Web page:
Module 10: Writing Email and Electronic Messages
February 10 2012
What do I need to know about Email Messages?
- While electronic communication continues to evolve, one reality is constant: when you post, you’re
published. Electronic privacy does not exist.
Writing email requires discretion. Email is neither private nor informal, as a conversation may be. Employers
may legally check your messages. And any messages you send can be printed out or forwarded to others
without your knowledge or consent. As is true of Facebook, Twitter—of all your electronic messages—what
you put out there is forever. Even personal BlackBerry conversations are in the public domain, as the 2005
court case between CIBC and Genuity Capital Markets Technology demonstrated. CIBC was able to trace the
BlackBerry users' private, PIN-to-PIN messages to use as evidence.
All the principles of good business writing apply to email. And because they are so easily misinterpreted,
composing emails requires a heightened awareness of courtesy. Use you-attitude (Module 6) and positive
emphasis (Module 7). Use reader benefits (Module 8) when appropriate. Choose a pattern of organization
that fits the purpose of the message (Modules 11, 12, and 13).
Because email seems to be as instantaneous as text messaging, some writers pay less attention to grammar,
punctuation, and spelling. However, business emails should be as correct as paper documents. Use a spell
checker; check for grammar and punctuation.
Reread and proofread your message before you send it. Even better, get a reader.
Use your subject line effectively. Take special care when writing to people who do not report to you, or to
people outside your organization or unit. If your subject line and first paragraph are not interesting, readers
will hit Delete.
How should I set up email messages?
- Follow organizational formats, or use a software template.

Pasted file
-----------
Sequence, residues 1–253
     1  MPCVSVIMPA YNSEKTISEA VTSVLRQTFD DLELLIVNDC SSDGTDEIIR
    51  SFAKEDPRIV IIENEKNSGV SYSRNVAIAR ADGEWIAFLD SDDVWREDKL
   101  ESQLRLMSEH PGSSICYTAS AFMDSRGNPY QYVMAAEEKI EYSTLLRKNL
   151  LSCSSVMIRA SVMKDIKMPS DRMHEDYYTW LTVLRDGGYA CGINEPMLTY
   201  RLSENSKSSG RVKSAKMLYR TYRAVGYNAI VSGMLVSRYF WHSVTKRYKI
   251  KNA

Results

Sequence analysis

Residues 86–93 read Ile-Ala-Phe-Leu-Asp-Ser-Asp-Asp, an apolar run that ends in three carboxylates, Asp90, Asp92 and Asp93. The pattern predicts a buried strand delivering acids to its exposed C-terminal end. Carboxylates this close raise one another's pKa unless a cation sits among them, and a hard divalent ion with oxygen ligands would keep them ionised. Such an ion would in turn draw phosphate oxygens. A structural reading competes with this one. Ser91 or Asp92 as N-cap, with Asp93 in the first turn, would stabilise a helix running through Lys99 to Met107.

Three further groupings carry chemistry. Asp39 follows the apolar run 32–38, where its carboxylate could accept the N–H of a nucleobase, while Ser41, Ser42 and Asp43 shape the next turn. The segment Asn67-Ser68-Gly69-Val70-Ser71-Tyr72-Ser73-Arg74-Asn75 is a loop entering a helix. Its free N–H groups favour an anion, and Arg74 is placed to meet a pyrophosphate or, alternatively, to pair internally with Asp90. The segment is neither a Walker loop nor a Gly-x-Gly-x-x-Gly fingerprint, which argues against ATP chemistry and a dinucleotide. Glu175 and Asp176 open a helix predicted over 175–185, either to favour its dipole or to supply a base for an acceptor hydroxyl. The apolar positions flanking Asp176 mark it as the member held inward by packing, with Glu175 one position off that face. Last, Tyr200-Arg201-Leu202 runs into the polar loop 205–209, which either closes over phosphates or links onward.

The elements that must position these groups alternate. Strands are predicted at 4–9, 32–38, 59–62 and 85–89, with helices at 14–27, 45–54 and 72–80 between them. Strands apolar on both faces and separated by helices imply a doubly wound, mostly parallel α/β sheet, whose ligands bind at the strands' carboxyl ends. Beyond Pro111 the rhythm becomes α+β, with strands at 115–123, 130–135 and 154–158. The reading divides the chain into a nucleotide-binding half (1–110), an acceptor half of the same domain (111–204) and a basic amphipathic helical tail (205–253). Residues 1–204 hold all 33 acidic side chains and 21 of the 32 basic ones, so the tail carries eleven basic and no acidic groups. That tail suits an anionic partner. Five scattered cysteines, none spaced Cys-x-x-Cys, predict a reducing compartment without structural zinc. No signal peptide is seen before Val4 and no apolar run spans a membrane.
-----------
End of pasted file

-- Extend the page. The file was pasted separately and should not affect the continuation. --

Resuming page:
- Many organizations use boilerplate formats for their electronic & hardcopy documents.
- Others include software and email programs that provide formats you can customize.
- A salutation is particularly important for readers of high-context cultures whose members valuie courtesy and
formality. - You can store a signature block in the email program and set the program to insert the signature block
- If you’re post a message to an email group someone else has set up, be sure to give at least your name and
email address at the end of your message, as some programs strip out identifying information when they
- When you hit reply, the email program automatically uses RE: and the previous subject.
- To emphasize you-attitude, change the subject line to make it appropriate for your message.
- If you prepare the document in a word processor, use 5 centimetre (2inch) side margins to create short line
What should I know about Content and tone?
- Use PAIBOC analysis: write to meet your audience’s needs and your purposes.
- This systematic email code includes symbols such as sound-based abbreviations (C u ltr), emoticons, sentence
fragments, full caps(for shouting), and cyber names, which NONE of these belong in business messages.
- The lack of face-to-face symbols that characterize email messages means you have to consider your audience
- Remember to:
Deliver sensitive messages in person whenever possible.
o The important nuances added through nonverbal communication speak
volumes and can save time and energy.
Be clear, courteous, and concise
o Compose and revise your messages to convey necessary information as politely,
clearly and briefly as possible.
Format attachments appropriately.
Compose and copy with discretion. o Cc denotes computer copies; your recipient can see the names of other people
getting the message.
o Bcc denotes blind computer copies; usually used for mailing lists.
Count to ten before you SEND.
o Emails sent in anger, to the wrong person, or to everyone on a list can damage
your relationships, your reputation or your future.
How should I organize Email Messages?
- Organize to meet readers’ expectations. Deliver good news directly; give bad news indirectly.
- Write messages so that it’s easy for people to understand and deal with them quickly: take time to plan, revise
and proofread, just as you would with paper messages.
Total Time: 7 minutes
Planning 2 minutes
Read the question.
Gather any information necessary for reply.
Plan the message.
Writing 2 minutes
Draft the message.
Revising 3 minutes
Make small changes.
Run spell check.
Proof by eye.
Send the message.
Allocating Time in Writing an Email Answering a Simple Question (your time may vary)
Writing Positive and Informative Email Messages
- Email is especially appropriate for positive and informative messages.
Writing Negative Email Messages
- Never send email messages when you’re angry.
o Wait until you’re calmer before you reply – even then, reply only if you must.
o Flaming name given to this type of behaviour.
Reflects badly on the sender, and it doesn’t make you look like a mature, level-headed
candidate for bigger things.
- In the body of the email messages, give a reason only if it is watertight and reflects well on the organization.
o Give an alternative, if one exists.
- Edit and proofread your message carefully.
- Remember that email messages, like any written text, can become relevant documents in lawsuits. Writing Pers